ISRI’s Safety and Environmental Conference (ISEC) is the most comprehensive source of up-to-date information and guidance concerning safe operations and environmental compliance in the recycling industry. Environmental health and safety (EHS) and operations professionals from across the industry share lessons learned, best practices, and more.

There is still time to register for the spring ISEC, which will be June 14-16 in St. Louis. Special Early Bird pricing ends Monday, May 9. The event is at the Drury Plaza Hotel St. Louis at the Arch. Due to the COVID-19 pandemic, this is the first in-person ISEC since fall 2019.

“It’s a chance to get back together and reassociate with colleagues,” says Dr. Ryan Nolte, Ph.D., ISRI’s director of safety outreach. He emphasizes that discussions about safety-related incidents at member companies take place in a friendly environment. “At ISEC, it’s an in-person, open discussion—with no recordings—and the information stays there,” Nolte says.

This will be the first in-person ISEC for Rose Sinclair, environmental compliance specialist at Casella Springfield Recycling in Springfield, Mass. She chairs ISRI’s ISEC Committee. “I’m looking forward to people really being authentic in the stories they’re sharing, and wanting to get those reactions, to pop off ideas, and get into a roundtable discussion of, ‘This is what happened to me, what happened to you?’ and teaching each other,” she says. “The power of the storytelling can’t be discounted—it’s really, really powerful, and really potent.”

Sarah Willcutts, manager at Greeley, Colo.-based metal recycler Andersen’s Sales & Salvage has attended past ISECs and is vice-chair of the ISEC Committee. “The biggest value [of ISEC] has been the network of safety minded professionals that are willing to brainstorm and provide support during ISEC meetings and after the meetings are over,” she says. “The discussions on near-misses and lessons learned have also been extremely helpful allowing us to bring back new safety ideas and eliminate ideas that have already failed elsewhere.”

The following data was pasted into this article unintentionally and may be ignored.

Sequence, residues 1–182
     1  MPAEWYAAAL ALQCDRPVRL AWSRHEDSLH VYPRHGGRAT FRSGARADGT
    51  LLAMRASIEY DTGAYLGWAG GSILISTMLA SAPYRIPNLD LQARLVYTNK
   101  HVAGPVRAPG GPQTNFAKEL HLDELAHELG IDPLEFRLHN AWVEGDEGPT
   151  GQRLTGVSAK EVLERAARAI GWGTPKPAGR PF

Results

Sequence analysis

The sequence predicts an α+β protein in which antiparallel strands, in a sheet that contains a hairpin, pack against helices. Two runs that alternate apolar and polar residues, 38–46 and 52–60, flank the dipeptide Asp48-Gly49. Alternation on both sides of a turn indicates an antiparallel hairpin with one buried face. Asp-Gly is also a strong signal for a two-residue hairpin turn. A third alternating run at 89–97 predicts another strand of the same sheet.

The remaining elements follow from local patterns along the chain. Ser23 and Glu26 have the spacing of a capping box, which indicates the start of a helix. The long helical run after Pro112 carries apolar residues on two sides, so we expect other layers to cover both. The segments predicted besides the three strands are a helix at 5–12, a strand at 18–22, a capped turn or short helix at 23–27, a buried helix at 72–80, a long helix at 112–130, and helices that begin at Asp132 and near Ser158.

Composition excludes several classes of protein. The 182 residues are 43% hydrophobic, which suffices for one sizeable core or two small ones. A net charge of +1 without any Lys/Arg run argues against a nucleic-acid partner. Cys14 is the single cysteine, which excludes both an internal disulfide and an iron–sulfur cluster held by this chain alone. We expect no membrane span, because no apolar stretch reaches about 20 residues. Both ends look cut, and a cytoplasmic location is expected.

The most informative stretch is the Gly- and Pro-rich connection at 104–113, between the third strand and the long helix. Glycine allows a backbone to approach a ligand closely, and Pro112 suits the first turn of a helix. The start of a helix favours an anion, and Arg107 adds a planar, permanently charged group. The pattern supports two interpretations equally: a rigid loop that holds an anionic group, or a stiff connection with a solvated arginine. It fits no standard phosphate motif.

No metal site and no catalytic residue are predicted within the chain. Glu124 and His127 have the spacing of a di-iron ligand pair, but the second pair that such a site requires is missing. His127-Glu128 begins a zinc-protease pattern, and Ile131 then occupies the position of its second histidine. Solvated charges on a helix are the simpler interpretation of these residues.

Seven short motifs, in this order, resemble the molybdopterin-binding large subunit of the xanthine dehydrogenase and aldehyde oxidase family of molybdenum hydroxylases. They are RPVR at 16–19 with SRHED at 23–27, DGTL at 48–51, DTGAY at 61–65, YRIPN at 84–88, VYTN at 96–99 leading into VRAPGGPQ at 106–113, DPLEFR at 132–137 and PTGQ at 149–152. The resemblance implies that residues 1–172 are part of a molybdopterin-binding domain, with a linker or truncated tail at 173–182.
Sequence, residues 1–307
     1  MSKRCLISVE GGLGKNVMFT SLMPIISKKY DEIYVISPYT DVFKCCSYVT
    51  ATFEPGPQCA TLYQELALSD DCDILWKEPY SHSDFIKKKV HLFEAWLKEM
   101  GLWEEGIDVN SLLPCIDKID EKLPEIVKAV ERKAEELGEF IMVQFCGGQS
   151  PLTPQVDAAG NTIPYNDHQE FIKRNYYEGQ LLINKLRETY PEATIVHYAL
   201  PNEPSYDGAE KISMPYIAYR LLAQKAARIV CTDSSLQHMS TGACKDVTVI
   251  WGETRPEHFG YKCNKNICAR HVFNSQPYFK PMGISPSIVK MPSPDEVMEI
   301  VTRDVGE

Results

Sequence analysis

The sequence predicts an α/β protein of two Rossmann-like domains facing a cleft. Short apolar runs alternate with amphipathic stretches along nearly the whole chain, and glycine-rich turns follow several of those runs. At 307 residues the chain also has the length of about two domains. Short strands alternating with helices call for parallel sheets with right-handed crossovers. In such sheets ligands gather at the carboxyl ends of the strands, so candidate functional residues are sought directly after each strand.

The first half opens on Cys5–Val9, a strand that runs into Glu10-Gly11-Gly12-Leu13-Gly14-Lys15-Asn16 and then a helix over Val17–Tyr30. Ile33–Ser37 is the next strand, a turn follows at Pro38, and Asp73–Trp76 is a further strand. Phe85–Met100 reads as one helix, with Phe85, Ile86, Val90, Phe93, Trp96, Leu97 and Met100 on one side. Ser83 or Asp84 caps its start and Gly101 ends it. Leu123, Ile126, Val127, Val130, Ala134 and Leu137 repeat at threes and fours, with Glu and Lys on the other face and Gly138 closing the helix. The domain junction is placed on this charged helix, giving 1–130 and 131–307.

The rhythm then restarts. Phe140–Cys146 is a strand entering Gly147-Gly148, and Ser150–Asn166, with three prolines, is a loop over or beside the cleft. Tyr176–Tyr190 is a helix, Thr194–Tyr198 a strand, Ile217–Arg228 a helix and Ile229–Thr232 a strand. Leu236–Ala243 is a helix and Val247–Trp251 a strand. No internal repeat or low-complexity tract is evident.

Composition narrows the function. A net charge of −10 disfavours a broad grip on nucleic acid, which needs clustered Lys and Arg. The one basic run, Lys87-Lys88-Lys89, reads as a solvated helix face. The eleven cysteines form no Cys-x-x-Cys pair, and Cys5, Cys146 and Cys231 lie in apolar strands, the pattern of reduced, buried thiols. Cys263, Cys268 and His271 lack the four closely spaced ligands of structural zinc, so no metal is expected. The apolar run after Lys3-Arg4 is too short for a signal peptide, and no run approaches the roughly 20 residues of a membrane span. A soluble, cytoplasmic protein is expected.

The spring ISEC agenda promises to have something for everyone. Some examples of the diverse safety and environmental topics include:

  • Prevention of serious injury and fatality (SIF) accidents, near misses, and root-cause analyses.
  • Addressing mental health with an emphasis on unplanned stressors and responses.
  • Emergency management agency representatives discuss response to disasters.
  • Update on the group of chemicals known as PFAS by Dr. David Wagger, Ph.D., ISRI’s chief scientist and director of environmental management.
  • Fire prevention and planning training developed with the Occupational Health and Safety Administration’s Susan Harwood grant program.
  • Tips for preventing hazardous materials from entering the ferrous metals stream.
  • Handling and storage of lithium batteries.
  • Management systems in practice.
  • Highway safety and how it affects heavy trucks.
  • Open-microphone free discussion on June 16.
  • Particulate dust in recycling or shredding operations.

Jerry Sjogren, ISRI’s senior director of safety, chaired three ISECs while working as an industry EHS manager. “[Organizers] recognize that this is the ISRI Safety and Environmental Council. So, we try to balance the environmental aspects as well as the safety side of the house,” he explains. Sjogren adds: “Mental health has been a buzzword; I’m personally pleased to hear that people are recognizing mental health as an illness and are wanting to hear more about it.”

The ISEC Committee spent many hours making sure the return to an in-person gathering is memorable. “You want to hit it out of the park so that people walk away and say, ‘Wow, you know, I got a lot out of that. I’m coming back for the next one,’” Sjogren says.

Early bird pricing is $390 for ISRI members and $780 for nonmembers. After May 9, the cost is $465 for members and $855 for nonmembers. Circle of Safety Excellence™ charter members receive one complimentary registration. To receive the comp code, contact ISRI Vice President of Safety Tony Smith,

“If you come to ISEC, you have that chance to connect with people in your geographic area who have the same issues as you,” Nolte says. “That’s where you can build valuable relationships in this industry.”

Photo courtesy of Storyblocks.

Dan Hockensmith

Dan Hockensmith

I'm a native Ohioan who since 2014 has called Maryland home. My background includes print, broadcast, and digital journalism; government contracting; and marketing communications.